The shell game is a tried-and-true method of persuading people to give their money to the person running the game. In political terms, it’s also a reliable method of persuading people to buy into the political stance of the man running the game.
Elliott Abrams is a master of the shell game. He provides what seems like a serious and sober analysis, with just enough cherry-picking of facts and omission of detail to convince you of his point of view. That is a big reason why this man, who is responsible for some of the greatest foreign policy fiascos in American history, continues to be considered a legitimate source for foreign policy analysis. Read more at LobeLog
Many of my readers probably saw the recent article in the journal Foreign Policy by Mark Perry entitled “False Flag,” which details an Israeli covert operation to engage a Pakistani terrorist group (Jundallah, a group officially termed “terrorist” by both the US and Iran, a rare point of agreement between the two countries) for attacks on Iran. The Mossad did this by posing as CIA agents, according to Perry, which infuriated then-President George W. Bush. In response the US did…absolutely nothing.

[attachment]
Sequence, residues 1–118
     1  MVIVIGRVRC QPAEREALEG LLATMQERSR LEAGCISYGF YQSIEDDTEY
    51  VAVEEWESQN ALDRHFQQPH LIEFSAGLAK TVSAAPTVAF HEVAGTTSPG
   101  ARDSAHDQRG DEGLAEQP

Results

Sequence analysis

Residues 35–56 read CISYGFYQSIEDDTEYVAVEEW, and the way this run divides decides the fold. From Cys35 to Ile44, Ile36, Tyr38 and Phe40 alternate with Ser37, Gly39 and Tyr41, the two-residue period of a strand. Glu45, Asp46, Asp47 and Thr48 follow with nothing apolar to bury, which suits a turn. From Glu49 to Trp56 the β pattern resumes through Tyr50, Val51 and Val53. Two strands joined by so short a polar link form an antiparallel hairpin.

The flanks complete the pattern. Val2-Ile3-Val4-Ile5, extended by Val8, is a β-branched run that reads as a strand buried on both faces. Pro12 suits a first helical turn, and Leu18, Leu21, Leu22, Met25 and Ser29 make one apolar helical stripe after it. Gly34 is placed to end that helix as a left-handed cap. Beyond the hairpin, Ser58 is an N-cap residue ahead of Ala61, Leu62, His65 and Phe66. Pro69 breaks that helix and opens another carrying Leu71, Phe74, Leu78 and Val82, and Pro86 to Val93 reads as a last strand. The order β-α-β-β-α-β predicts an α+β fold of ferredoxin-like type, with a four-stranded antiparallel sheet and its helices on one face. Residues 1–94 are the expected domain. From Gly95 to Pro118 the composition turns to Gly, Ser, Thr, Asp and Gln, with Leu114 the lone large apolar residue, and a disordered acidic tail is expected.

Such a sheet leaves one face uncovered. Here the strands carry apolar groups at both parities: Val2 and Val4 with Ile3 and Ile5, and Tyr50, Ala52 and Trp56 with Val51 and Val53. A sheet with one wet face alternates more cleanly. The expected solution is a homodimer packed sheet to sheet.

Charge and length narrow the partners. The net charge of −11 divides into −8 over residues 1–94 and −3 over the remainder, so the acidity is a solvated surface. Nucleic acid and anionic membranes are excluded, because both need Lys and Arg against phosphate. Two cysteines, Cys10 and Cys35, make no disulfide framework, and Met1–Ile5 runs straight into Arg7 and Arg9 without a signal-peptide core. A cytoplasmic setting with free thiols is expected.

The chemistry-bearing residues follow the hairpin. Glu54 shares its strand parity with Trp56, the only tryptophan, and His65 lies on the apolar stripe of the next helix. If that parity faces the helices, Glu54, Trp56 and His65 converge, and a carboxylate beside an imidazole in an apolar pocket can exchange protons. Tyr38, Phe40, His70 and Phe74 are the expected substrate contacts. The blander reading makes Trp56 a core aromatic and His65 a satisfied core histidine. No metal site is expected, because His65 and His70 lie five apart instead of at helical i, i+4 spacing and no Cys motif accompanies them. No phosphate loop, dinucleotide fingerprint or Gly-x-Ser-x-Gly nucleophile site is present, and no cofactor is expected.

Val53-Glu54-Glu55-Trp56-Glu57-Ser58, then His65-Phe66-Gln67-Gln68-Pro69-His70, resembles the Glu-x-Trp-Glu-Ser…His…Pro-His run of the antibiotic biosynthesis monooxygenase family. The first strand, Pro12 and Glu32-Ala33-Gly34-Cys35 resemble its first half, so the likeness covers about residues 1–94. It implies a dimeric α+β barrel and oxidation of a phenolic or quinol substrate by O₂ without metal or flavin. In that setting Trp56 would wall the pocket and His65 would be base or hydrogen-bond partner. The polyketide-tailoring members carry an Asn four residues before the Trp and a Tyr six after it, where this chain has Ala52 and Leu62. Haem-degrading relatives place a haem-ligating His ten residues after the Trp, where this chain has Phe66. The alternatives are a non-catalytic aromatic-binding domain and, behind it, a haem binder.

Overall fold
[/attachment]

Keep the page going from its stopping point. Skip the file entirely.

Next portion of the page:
The piece was very important, and certainly controversial. My friends at +972 Magazine published a critique of it here, from a guest blogger named Rafael Frankel. With all due respect to +972, that critique was a very poor one. They graciously agreed to publish my own rebuttal to Frankel’s piece, and you can read that here.
Since Perry’s piece is, as I said, both important and controversial, it certainly should be critiqued. Hopefully it will get the serious treatment it deserves, not the poor and biased examination Frankel gave it.